Steven Law said…
In my opinion, to pray is simply directing the Will to an end. I think John got better because he willed himself so. If you give up on yourself you truly have no place left to go. People who succumb to illness have given up the struggle. Medical history has numerous "miraculous" recoveries that can not be physically explained. They can only be attributed to triumphs of the will.
Anonymous said…
There's another kind of superstition which is based on attributing magical powers to amulets, through the LACK of contrary evidence. For example, "I've always carried the picture of Virgin Mary with me, and nothing bad has happened to me, therefore it has special power."

When I formulate it like this, it seems absurd, but this is just a rephrasal of the classic induction mechanism employed by science. "All ever performed experiments have shown this result, therefore this result is scientifically valid."

David Hume was first to point out this logical fallacy but scientists have not listened. To this day they are talking about "laws of nature" and "physical constants" even though technically this is just a form of superstition that the future will be like the past.
jeremy said…
"And they entail that, on average, within roughly any 7 and a bit year period, one such coincidence will happen to one person you know very well, and to ten of the people whom you know very well know very well."

Oh, sorry, I now see where you were going with the "friends you know very well" - I misunderstood you.

Running the numbers really does blow your intuition out the water, doesn't it? In reality, the net is made even wider by the looseness with which we judge such 'hits'. I'd bet it doesn't have to be the same day, does it? Dreaming of them the night before would probably be included, as would receiving an email about
them, rather than from them, etc. All this would make such coincidences almost highly probable!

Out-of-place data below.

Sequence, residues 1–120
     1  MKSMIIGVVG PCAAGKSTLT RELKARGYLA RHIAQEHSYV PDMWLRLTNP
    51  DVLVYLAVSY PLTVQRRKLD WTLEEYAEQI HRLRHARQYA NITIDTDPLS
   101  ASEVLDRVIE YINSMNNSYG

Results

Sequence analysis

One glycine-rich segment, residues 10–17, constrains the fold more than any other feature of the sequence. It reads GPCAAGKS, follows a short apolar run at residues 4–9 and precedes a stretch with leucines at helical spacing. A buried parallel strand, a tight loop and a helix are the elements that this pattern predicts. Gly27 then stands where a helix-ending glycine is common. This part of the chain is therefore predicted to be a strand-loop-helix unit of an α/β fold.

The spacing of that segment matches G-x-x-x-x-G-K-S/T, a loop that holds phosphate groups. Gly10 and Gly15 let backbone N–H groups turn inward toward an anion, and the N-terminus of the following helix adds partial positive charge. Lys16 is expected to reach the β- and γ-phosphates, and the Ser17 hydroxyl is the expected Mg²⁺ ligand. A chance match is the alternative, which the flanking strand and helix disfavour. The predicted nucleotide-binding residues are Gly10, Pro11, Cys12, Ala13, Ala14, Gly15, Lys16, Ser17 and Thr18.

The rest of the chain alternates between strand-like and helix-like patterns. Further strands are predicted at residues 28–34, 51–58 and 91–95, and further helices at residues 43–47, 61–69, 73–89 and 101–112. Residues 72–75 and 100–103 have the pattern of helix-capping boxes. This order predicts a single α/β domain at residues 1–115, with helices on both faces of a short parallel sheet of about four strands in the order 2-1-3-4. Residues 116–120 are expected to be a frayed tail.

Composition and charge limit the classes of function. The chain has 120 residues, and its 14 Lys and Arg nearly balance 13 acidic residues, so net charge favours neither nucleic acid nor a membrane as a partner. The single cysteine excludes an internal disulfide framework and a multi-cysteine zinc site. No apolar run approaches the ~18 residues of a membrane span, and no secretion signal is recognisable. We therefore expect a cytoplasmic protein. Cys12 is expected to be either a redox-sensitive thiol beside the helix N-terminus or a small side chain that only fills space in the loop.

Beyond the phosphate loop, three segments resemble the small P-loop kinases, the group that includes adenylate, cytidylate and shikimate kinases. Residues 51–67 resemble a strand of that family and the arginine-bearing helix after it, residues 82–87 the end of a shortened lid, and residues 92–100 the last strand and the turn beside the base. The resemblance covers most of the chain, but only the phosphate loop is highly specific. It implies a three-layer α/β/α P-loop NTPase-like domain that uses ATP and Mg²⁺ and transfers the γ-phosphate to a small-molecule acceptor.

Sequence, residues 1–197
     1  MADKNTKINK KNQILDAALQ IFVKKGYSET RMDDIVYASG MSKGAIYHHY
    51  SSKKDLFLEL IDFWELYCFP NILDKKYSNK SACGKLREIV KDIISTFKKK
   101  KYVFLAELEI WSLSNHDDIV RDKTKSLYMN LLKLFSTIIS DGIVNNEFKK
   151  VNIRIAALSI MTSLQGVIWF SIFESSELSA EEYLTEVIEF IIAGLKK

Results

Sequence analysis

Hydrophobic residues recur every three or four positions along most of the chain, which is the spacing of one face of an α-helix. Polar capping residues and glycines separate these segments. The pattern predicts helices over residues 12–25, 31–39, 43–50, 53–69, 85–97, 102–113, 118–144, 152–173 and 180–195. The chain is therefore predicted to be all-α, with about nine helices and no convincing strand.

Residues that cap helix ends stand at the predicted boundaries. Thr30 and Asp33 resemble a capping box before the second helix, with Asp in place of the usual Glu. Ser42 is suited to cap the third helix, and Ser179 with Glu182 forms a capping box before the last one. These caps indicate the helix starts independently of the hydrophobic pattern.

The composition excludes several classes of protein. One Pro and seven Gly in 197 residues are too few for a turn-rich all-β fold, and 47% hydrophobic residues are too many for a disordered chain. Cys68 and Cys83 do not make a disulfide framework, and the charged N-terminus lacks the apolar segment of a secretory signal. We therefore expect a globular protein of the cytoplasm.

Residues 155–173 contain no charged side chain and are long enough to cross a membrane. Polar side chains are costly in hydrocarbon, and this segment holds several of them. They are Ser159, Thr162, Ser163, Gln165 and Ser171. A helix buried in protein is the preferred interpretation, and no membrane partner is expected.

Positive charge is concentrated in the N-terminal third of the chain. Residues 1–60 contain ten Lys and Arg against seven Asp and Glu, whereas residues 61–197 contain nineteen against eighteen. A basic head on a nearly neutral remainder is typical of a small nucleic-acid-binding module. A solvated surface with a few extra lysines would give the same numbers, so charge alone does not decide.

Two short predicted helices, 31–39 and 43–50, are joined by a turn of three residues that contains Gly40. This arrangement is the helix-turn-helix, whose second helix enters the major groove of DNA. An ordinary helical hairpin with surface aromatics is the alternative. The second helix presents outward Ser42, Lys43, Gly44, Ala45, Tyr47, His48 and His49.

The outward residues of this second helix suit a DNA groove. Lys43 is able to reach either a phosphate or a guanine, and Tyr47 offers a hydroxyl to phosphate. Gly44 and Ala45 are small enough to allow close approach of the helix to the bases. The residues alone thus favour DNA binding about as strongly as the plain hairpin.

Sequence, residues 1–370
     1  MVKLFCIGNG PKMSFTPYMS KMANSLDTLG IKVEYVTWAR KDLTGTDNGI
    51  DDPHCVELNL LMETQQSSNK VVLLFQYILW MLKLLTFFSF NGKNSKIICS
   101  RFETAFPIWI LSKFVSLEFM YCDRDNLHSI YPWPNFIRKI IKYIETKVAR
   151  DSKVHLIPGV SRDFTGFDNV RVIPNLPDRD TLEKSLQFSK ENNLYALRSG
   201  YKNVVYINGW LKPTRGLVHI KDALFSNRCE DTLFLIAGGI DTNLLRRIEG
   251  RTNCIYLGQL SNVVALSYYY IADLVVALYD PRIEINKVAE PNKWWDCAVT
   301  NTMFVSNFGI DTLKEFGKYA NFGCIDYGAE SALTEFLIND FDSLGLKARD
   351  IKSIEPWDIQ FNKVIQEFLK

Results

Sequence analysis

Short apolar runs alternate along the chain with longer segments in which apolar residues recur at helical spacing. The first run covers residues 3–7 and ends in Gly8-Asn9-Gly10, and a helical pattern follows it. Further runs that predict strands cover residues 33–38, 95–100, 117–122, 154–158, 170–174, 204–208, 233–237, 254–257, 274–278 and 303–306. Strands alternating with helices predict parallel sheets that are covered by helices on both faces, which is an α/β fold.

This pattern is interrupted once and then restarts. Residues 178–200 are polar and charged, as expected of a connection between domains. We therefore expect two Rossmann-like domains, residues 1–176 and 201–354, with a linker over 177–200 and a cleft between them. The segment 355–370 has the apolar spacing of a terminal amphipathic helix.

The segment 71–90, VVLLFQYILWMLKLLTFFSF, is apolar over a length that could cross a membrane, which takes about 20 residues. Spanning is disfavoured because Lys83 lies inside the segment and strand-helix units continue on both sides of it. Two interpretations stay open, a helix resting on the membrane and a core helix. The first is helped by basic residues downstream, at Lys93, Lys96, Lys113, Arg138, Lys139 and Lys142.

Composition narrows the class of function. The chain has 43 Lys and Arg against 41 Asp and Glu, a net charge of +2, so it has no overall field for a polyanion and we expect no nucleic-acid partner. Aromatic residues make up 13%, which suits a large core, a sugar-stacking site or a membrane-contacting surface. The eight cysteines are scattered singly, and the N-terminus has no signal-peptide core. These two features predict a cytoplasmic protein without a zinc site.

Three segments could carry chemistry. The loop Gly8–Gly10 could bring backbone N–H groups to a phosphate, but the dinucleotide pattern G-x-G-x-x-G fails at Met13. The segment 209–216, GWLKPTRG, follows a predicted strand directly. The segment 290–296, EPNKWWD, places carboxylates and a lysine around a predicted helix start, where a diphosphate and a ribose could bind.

(I think you need to delete the last phrase though?)
Steven Law said…
Does not perception override fact? Is not selection bias the same as that which one wishes? Selective memory chooses the reality one wishes was so. Don't we all rationalize our own reality? Don't we disregard the distasteful and yearn to believe the beautiful? To stare at the grotesque is to tremble at the possibility it exists within ourselves, a thought which unnerves us.
Stephen Law said…
oh sod it. there is a flaw. the people whom those you know well know well will include no doubt, a significant number of those you know well. So 10 is too high.
Steven Law said…
The thought of selective bias is not flawed. I beleive it exists. Every human thought is 100% subjective, created by our personal frame of reference and colored by our personal experiences,prejudices,and wishes.Bacon and Newton and other thinking men back then were seeking an understanding of their worlds, a scientific search for rational explanation. The search could go anywhere and everywhere. At that time superstition must have been prevelant. They looked at superstition as a possible truth, but of course cannot disprove it exists. Who can say for sure?
Andrew Louis said…
this follows the multiplicative law of probability, i.e. we want to know the pobablity of two independent events, taking place at the same time is.

if you have one friend that you think about 5 times a year (365/5) that means the probablity of thinking about that person is 1.37%.

If that particular friend calls you once per year (365/1), the probability of that person calling you is .27%.

The probablity of those two events taking place at the same time is 1.37% * .27%, which equals .00375%, or once every 26645 days.

For 5 people, you simply multiply 1.37% by 5 to get 6.85%, and 5 by .27% to get 1.37%. From there the odds of thinking about one of these 5 friends and them calling is .094%, or once every 1065 days.
Andrew Louis said…
Now, if you know 10 people who fit this bill, you follow the addative law of probability (two events are not mutually exclusive).

i.e. if you know 10 people whom the probability of this event happening to them is .094%, what is the probability of this happening to at leat one of them at any given moment.

For this you do the following.
You sum the probabilities, .095+.095+.095.... (or .095% * 10) and subtract from that the probability of them happening together, which is, .095*.095*.095.....

.095% * 10 = .95%
.095*.095*.095..... = essentially 0

You are essentially looking at this happening once every 105 days, or 3 times a year within the 10 people you know.
Andrew Louis said…
I'm realizing that I put 365 over 5 and 356 over 1. Sorry for the confusion on that one.... Nonetheless, the math should be correct
Anonymous said…
'facts are the idlest of superstitions'